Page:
HOMECOMING by Belva Plain

HOMECOMING

KIRKUS REVIEW

 There's a certain amount of post-trauma misery and marital conflict here (featured in Plain's Secrecy, p. 748, and Promises, 1996), but that's just one element in this cockle-warming yarn about the efforts of an elderly widow to round up--and shape up-- her fragmented, warring family. Annette Byrne, 85, sends invitations to a snarling pack of descendants and their in-laws to join her on her estate in upper New York State. Among those not speaking or simply out-of-sync: sons Lewis and Gene, former partners, whose business was destroyed by corruption, for which each blames the other; Lewis's wife Daisy, whose cold manner antagonizes many; and Gene's nice daughter Ellen, who is married to Mark Sachs--none of the parents of the happy couple are thrilled with the Wasp/Jewish union. But a true tragedy blasted the marriage and lives of Lewis's daughter Cynthia and husband Andrew when their twin babies were killed in an accident. The terrible prolonged grief finally forced the couple apart-- Andrew was driven to a seedy sexual episode, and Cynthia began divorce proceedings. Now all of Annette's edgy guests have arrived, loving or respecting Annette but appalled by her plan when they realize the identity of the other guests. Will Annette bring them together? Well, yes and no. Yes, the grand, roomy old house, the handsomely appointed table, and yummo food (a Plain specialty) offer the background to peace talks, but Annette is finally reduced to tears. A chance event, potentially tragic, along with a lecture from Annette's neighborhood friend Marion, does bring them together. Cynthia is the last holdout, but sweetness and light prevail. It's all set in a winter landscape, with sleet underlining the central drama, but by the end the emotional thermostat is up and good feeling is spread all around. A small, warming holiday gift for Plain fans. (Literary Guild main selection; author tour)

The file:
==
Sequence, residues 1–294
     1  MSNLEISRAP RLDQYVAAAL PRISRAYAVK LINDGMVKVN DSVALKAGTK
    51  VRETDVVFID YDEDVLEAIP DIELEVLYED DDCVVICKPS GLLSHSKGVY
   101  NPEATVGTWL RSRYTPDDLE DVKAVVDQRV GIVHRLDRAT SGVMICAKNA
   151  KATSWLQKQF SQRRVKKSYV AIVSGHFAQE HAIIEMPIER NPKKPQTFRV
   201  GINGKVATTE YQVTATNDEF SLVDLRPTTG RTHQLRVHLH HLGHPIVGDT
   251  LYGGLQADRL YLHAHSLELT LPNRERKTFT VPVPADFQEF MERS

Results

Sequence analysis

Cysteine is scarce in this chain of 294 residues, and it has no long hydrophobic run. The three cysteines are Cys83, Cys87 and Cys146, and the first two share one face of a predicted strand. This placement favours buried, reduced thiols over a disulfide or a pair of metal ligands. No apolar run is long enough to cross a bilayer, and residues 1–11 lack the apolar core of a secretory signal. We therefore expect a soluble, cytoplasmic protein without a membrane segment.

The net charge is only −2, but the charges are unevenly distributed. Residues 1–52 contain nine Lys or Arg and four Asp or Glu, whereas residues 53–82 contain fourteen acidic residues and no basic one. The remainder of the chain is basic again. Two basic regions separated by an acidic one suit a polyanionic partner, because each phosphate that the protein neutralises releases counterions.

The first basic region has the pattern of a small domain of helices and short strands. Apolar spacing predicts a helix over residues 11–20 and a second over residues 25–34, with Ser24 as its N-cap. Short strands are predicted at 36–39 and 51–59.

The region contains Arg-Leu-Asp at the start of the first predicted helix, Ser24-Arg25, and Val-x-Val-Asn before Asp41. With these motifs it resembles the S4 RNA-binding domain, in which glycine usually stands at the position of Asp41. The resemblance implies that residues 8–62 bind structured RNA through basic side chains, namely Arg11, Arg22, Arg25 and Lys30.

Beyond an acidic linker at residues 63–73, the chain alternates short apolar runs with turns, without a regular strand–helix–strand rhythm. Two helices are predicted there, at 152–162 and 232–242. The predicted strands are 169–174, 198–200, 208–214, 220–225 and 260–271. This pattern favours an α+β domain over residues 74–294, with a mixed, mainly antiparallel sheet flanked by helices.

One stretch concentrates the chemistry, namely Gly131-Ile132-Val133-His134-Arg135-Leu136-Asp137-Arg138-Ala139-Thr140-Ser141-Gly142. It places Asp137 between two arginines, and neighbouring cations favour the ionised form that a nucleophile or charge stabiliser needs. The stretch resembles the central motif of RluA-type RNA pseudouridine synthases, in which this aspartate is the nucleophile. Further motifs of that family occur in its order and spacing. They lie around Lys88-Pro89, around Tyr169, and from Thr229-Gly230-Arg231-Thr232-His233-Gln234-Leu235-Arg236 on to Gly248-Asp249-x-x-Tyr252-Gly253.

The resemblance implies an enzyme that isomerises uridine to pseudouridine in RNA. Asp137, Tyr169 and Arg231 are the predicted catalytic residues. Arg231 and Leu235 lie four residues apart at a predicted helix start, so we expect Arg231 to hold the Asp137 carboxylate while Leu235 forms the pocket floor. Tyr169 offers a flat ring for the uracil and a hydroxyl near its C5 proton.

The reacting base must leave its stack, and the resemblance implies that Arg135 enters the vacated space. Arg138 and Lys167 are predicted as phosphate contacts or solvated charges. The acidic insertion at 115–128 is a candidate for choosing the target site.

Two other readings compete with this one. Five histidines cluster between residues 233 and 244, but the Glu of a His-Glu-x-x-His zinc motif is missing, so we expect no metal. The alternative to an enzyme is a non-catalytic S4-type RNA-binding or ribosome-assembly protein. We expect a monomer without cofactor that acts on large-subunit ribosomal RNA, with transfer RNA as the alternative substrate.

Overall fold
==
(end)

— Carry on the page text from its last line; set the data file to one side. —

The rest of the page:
Pub Date: Nov. 1st, 1997
ISBN: 0-385-31980-0
Page count: 224pp
Publisher: Delacorte
Review Posted Online:
Kirkus Reviews Issue: Aug. 15th, 1997




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